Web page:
My TV and the Future of Retail

Tragically, my television broke just days before the Super Bowl. Since we would not survive without a TV, we were forced into shopping for a fast replacement.

Before we ventured out to old-fashioned retail stores, we shopped online. In a half hour I went to about ten stores. All of the specifications were similar, and Target.com had the best prices. I would have bought the TV online right then, but I needed it for the Super Bowl this Sunday. So Kelly, Jack and I hopped in our time machine and went out to the nearby dinosaurs – Best Buy, Sears and PC Richard and Son.

The first brick-and-mortar store we went to was Best Buy. They had an impressively large, clean and well merchandised store. A security lady pleasantly greeted us at the door and we wandered over to the TV section. There was another pleasant associate who asked if we needed help. I told him we were just looking. The salesman and I both new this wasn’t true, but he was contented to go away to fiddle with his cell phone and I never saw him again. Best Buy’s prices were nearly double what we saw online, the specs looked the same, and with no one around to explain the prices Best Buy’s chances of getting the sale disappeared.

Next we went to Sears. You know that elderly relative at the Thanksgiving table who everyone is secretly worried won’t be there next year? That’s Sears. Along the path to the TV section we passed ugly cheap watches, messy unfolded clothing displays, and a rubber tire smell from the automotive department stunk up the joint like garlic at an Italian restaurant. The salesman was horrible. He nervously spent three or four minutes explaining that he didn’t have anything of the quality we wanted in the price range we saw online. He asked, “Would you like to look around to see if you like anything else?” I obliged and he went off to look in his computer system to see if he could find anything else for us. We left.

Next we went to PC Richard and Son, a store known for an aggressive sales staff with a price guarantee. The cheap and dirty carpet contrasted with crisp and clean high-tech devices. All of the price tags had two or three high prices with red lines drawn through them and a slightly lower, but still high price listed below them. We saw a TV on sale for $888 similar to a model I saw at Target.com for $599. The manager came over to explain a few things to me. First, he said Target advertises these prices just to get customers in the door, but their TVs are never in stock. Second, Target sells cheap off-brands or last year’s models that are inferior to their TVs. The manager then refused to match Target or even budge on his price. He didn’t offer any alternatives or attempt to explain why their TVs were so expensive, but just went on bashing his competition with a smug self-satisfied and condescending smirk on his face.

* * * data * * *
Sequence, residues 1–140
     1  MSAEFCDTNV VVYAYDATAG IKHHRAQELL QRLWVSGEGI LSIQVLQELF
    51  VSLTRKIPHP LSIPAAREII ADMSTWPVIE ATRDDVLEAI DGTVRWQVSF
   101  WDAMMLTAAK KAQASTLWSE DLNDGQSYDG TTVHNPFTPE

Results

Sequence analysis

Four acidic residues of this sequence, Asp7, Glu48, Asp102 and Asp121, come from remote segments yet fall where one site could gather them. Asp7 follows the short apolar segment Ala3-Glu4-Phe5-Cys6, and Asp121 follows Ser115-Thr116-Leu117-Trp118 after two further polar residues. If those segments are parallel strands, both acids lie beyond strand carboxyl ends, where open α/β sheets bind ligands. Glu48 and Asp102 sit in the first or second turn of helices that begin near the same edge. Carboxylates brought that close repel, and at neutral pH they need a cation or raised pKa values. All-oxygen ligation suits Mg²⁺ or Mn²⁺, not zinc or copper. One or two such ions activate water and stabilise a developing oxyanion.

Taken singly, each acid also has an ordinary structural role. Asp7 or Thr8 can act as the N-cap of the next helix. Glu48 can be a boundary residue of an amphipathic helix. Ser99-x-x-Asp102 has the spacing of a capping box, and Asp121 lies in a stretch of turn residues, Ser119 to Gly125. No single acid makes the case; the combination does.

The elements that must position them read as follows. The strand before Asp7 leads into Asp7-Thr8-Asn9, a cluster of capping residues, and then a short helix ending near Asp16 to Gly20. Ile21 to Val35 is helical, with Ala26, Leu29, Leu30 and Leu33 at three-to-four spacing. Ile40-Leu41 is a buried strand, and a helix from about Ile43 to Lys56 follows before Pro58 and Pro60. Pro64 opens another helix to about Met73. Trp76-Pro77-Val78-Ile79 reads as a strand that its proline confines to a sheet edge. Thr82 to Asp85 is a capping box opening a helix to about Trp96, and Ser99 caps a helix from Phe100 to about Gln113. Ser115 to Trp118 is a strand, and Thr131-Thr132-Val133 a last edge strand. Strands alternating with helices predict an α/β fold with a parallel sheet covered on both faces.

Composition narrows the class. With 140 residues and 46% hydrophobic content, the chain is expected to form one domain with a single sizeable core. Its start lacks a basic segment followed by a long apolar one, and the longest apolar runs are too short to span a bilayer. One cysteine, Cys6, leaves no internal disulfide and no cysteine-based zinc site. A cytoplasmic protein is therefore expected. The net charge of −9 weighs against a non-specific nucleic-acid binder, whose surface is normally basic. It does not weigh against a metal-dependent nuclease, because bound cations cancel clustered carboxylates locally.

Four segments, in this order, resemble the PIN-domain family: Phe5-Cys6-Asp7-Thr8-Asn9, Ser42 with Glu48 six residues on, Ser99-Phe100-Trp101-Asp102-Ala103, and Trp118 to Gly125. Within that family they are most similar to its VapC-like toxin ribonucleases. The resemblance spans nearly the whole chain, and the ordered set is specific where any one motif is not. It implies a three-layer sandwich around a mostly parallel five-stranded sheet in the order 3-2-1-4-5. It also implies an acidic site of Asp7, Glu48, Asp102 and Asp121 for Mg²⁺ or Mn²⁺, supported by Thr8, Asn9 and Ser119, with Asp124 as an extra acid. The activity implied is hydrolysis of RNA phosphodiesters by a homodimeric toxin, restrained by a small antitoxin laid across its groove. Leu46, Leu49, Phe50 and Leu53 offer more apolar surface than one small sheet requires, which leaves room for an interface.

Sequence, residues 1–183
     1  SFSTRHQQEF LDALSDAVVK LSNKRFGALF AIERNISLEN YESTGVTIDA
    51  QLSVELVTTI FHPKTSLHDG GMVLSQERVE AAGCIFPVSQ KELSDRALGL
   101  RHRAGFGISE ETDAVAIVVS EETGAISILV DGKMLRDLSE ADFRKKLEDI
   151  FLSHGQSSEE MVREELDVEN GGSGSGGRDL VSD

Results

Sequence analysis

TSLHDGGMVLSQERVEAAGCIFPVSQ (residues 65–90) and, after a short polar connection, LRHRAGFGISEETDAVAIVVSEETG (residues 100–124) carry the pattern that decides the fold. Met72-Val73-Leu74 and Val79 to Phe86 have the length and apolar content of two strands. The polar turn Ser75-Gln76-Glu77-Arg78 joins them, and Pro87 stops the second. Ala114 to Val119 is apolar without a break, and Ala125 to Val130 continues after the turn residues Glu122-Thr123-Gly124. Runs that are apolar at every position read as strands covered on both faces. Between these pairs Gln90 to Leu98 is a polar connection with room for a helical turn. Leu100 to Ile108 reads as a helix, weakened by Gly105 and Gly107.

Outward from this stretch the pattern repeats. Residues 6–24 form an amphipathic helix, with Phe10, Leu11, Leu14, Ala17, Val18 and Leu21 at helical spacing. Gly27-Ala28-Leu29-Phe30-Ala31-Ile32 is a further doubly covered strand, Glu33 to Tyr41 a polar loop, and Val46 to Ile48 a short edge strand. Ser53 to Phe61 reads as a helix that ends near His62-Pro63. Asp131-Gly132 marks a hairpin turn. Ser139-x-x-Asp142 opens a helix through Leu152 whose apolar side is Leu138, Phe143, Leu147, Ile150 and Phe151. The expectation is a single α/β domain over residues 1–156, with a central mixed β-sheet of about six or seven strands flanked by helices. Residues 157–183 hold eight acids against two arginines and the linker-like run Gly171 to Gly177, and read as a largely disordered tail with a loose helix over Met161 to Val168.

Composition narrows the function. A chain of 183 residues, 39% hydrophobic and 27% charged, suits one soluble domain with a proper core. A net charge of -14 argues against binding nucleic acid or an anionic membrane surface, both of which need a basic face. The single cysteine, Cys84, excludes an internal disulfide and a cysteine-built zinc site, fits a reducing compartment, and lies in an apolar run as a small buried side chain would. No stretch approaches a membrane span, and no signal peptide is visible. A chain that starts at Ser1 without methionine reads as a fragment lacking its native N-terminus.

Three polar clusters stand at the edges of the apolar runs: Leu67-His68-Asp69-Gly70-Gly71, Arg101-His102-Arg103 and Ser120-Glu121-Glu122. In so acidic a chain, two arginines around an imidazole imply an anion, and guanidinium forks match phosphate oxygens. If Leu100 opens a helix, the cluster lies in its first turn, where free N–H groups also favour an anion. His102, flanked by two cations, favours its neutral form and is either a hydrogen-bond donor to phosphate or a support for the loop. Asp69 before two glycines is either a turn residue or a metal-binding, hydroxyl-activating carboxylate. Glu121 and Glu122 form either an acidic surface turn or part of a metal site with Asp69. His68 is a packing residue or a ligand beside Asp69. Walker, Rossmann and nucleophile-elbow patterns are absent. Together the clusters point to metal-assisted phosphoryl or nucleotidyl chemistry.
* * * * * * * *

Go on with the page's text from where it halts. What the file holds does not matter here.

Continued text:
Then we went to Target and bought our TV. The price was great, and a friendly associate helped me pay and load it into my car in a matter of minutes.

There are only two ways a business can create a competitive advantage. They can either have a lower cost structure or create a compelling reason for consumers to pay more money. Target’s low-cost structure allowed them to pass savings to me, so I bought their product. None of the higher priced stores, so called differentiators, created a reason for me to pay up. Heck, Best Buy, Sears, and PC Richard didn’t even present a compelling case for their continued existence.

Yet the rest of the retail world is not doomed to fall victim to the internet and mass merchants. Retailers can survive or thrive by having an effective customer facing associate who is prepared and trained to explain the company’s value proposition. Customers cannot presently get reliable advice or a friendly and personable education from web sites. Also, some stores create an exciting shopping experience through merchandising, atmosphere, and store layouts. And when things go wrong, traditional retailers can compete by fixing customers problems without hassle. Call me a fanboy, but this sounds an awful lot like Apple retail stores.

Retail will undoubtedly include a growing online component in the future. By the time my one year old son Jack shops for a TV, Best Buy and Sears will have gone bye-bye if they don’t blend an online retail concept like Amazon with either a low-cost structure like Target or a value adding shopping experience like Apple.

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2 thoughts on “My TV and the Future of Retail

  1. John,

    Very well-stated case. I think you’re definitely right about Sears …. very sad to see. As for the others, hopefully they will follow your suggestion re: value propositions. Time will tell — but it won’t be a long time.

    Michael

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